Baseline Characteristics from UNITE: An Observational, International, Multicentre Registry to Evaluate Hidradenitis Suppurativa (Acne Inversa) in Clinical Practice

Errol P. Prens*, Aida M. Lugo-Somolinos, Amy S. Paller, Francisco Kerdel, Yinghui Duan, Henrique D. Teixeira, Michelle Longcore, Alexa B. Kimball

*Corresponding author for this work

Research output: Contribution to journalArticlepeer-review

11 Scopus citations

Abstract

Background: Hidradenitis suppurativa (HS), also known as acne inversa, is a recurring, painful, chronic, and sometimes disfiguring inflammatory skin disease. Objectives: Our objective was to report the baseline clinical characteristics, natural history, and associated outcomes of patients with HS from the ongoing, prospective, non-interventional UNITE registry that is collecting data regarding the natural history and associated outcomes of HS. Methods: Patients with inflammatory HS lesions were enrolled, including adolescents (aged 12 to < 18 years) and adults (aged ≥ 18 years). None had participated in previous or current originator-adalimumab studies/registries. Patients received treatment consistent with site-specific, routine clinical practice. HS disease status was assessed by HS lesions and disease flare; treatment and outcomes data were collected at enrolment and every 6 months for ≤ 4 years. Results: Enrolment (N = 594; 89.1% adults; 10.9% adolescents) occurred from 29 October 2013 to 29 December 2015 at 73 sites in 12 countries. At baseline, the majority were female (69.7%) and White (81.2%), had moderate-to-severe disease (Hurley stage II or III; 93.3%), and had undergone prior procedures/surgery for HS (68.7%). In total, 61.6% of adults and 49.2% of adolescents were obese; 40.2% of patients reported current tobacco use. Scarring due to lesions occurred in 91.2% of patients. The prevalence of comorbidities of interest was as follows: depression (13.3%), other psychiatric disorders (9.6%), inflammatory bowel disease (2.7%), diabetes (9.1%), and polycystic ovary syndrome (5.2%). Conclusions: In this population from the UNITE HS registry, obesity and smoking were common, and disease burden was high, manifesting as multiple lesions, scarring, surgical history, and considerable comorbidities.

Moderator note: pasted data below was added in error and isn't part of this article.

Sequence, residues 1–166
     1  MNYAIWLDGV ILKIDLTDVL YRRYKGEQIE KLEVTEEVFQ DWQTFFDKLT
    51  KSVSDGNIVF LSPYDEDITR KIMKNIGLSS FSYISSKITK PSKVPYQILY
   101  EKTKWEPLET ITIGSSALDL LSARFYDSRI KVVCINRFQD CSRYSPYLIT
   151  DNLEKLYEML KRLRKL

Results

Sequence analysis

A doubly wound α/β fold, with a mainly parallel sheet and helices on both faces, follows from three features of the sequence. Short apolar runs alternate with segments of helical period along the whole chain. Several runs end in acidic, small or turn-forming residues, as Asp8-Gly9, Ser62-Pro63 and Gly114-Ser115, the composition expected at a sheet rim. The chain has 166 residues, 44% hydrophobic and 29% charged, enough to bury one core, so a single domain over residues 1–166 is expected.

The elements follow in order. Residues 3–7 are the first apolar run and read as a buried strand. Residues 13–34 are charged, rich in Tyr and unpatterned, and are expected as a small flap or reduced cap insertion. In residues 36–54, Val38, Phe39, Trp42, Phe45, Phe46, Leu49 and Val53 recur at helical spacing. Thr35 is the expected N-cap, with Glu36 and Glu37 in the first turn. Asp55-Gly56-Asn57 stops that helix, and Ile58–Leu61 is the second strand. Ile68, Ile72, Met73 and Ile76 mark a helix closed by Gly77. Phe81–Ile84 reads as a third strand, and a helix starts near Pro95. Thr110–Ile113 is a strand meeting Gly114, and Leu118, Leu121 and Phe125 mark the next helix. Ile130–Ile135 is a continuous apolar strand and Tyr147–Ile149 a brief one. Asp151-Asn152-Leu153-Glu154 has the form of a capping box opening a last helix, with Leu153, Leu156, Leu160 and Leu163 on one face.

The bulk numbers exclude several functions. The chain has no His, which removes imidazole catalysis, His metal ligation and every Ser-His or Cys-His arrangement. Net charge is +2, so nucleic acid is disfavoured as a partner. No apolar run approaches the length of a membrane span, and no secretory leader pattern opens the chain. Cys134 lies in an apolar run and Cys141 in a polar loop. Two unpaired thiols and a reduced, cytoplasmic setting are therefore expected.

Original languageEnglish (US)
Pages (from-to)579-590
Number of pages12
JournalAmerican Journal of Clinical Dermatology
Volume21
Issue number4
DOIs
StatePublished - Aug 1 2020

ASJC Scopus subject areas

  • Dermatology

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